Leading industry figures tell us how they would end the housing crisis


Last week’s publication of the Montague review on how to stimulate the construction of homes for rent was just the latest intervention in a long-running debate: how to increase the woeful rate of housebuilding in the UK.

Not only were fewer than 115,000 homes built last year - which is less than half of the best estimates of the number of homes required - the number of homes being started is dropping sharply, largely because of falls in the construction of affordable housing. The total number started in the first half of this year is more than a fifth down on the same period in 2011.

There are two powerful arguments for reversing this situation: growth would not just help the thousands of people in this country who are in housing need, it would give a serious boost to an ailing construction economy.

Although the problem is becoming more severe, it is nothing new - politicians have long tried to solve it but to no avail, highlighting how hard it is to find a new approach. In a bid to make more sites economically viable, the coalition is set to launch a housing strategy in the autumn that, it has been reported, will free private developers from the burden of having to provide affordable housing. At the same time the government is also due to underwrite loans to social landlords to encourage investment, and therefore development, in that sector. Meanwhile Sir Adrian Montague’s report called for the government to kick start homes for private rent by taking a share in development schemes, and again relaxing affordable housing requirements.

These policies are certainly new but on their own many doubt they will make a major impact on the number of homes built. So, if asked for one big idea to solve the housing crisis, what would you come up with? That was the question we put to some of the most senior figures from across the housing, development, policy and social housing sector.


Berkeley Group

Tony Pidgley, chairman, Berkeley Group

The key thing is to establish what sustainable development means and drive through the National Planning Policy Framework changes. Then give clear direction to planning inspectors to drive that through real planning decisions.

The government has introduced this presumption in favour of sustainable development, but I have no idea what the sustainability part of that actually means.

Until we have that clear definition and we let industry know, then we’ve actually got a government that promised to cut bureaucracy putting in more bureaucracy. The way it’s currently happening is allowing local politics to trump the national interest - and we all know how local politics goes.

We have just had a scheme the inspector admitted was “finely balanced” turned down on the basis of design quality, and that the parish council might be minded to form a neighbourhood plan. Our QC has told us the inspector is selectively picking out parts of the NPPF to turn the application down, rather than taking the thing as a whole.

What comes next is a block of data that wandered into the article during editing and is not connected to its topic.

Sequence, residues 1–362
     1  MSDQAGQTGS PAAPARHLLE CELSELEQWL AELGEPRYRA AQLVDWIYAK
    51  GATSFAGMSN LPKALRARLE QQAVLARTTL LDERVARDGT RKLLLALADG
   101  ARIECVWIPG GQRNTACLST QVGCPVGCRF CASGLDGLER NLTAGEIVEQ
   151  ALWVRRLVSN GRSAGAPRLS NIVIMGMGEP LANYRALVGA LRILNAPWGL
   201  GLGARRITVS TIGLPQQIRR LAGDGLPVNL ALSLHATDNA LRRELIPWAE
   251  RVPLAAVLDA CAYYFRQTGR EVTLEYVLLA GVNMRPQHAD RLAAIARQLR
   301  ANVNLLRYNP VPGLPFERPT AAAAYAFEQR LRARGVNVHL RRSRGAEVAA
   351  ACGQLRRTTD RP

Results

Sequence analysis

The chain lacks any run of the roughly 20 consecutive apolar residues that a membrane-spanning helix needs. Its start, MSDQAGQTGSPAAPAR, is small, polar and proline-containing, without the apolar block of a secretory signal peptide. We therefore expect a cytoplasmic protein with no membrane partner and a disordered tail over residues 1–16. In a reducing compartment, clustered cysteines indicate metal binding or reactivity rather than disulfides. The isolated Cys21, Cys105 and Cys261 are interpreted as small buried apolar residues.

We could challenge but that means another 18 months management time and £200,000, so we won’t. The point is, it’s the government’s flagship policy that’s being used inappropriately.



Nick Jopling, executive director Grainger

Having spent much of the last six months on Sir Adrian Montague’s review panel, it will not come as a surprise that my game changer for UK housebuilding would be his recommendation that planning authorities and local government consider the development of large-scale private residential schemes with less or no associated affordable housing.

This is not a charter to build less affordable housing as some critics have shouted - the need for this too is well made and understood - but a charter to house those who do not qualify for social housing or can’t afford to buy a new home. The price for this leniency would be a commitment that these private rented sector blocks could not be broken up for sale for 10 to 20 years. This means they will not compete with the normal absorption rate of new homes built for sale in the area or even the same development.

There are two conundrums to solve - first, building more homes for the private rented sector and second to attract institutional income.

The UK housing market is complex and there is no “one wish fix” but Sir Adrian just may have found a route map for one tenure class and if you haven’t read the report’s five recommendations, I strongly recommend you do.


Institute for Public Policy Research (IPPR)

Graeme Cooke, associate director Institute for Public Policy Research (IPPR)

In the short term, the best way for the government to get housebuilding going would be for ministers to enable local councils with strong balance sheets to make the most of their housing assets by allowing them to borrow against their value to finance the building of new affordable homes. This would produce a rental income.

This would be better than them selling off their best social housing properties - which would be just a one-off cash windfall. But in the medium term, given the severe pressures on the public finances, we need to find ways to shift the balance of government expenditure from subsidising rents to building homes.